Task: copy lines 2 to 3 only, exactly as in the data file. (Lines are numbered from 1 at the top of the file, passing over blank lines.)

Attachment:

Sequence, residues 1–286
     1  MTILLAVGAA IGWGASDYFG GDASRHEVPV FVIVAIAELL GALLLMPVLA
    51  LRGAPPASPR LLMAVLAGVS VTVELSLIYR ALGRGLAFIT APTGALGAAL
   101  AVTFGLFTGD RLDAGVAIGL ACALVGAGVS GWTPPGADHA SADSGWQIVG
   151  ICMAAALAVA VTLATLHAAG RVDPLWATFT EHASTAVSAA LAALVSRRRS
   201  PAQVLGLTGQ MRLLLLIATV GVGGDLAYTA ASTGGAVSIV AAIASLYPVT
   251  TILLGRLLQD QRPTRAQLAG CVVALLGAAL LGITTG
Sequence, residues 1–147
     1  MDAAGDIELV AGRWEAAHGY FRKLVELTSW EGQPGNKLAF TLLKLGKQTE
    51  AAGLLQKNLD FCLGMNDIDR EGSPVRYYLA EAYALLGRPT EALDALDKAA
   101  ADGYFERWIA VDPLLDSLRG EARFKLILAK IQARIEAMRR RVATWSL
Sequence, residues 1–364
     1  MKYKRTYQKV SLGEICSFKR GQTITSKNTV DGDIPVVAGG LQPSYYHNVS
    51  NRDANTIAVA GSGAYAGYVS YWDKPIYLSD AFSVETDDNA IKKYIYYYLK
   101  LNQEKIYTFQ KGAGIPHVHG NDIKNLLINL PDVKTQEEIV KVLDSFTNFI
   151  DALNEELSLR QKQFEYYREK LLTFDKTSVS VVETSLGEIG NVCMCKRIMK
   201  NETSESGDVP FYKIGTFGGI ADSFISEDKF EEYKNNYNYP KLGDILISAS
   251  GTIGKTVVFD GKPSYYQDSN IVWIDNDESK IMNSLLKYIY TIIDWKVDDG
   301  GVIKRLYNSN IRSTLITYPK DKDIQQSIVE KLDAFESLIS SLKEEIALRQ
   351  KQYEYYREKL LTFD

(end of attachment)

     1  MTILLAVGAA IGWGASDYFG GDASRHEVPV FVIVAIAELL GALLLMPVLA
    51  LRGAPPASPR LLMAVLAGVS VTVELSLIYR ALGRGLAFIT APTGALGAAL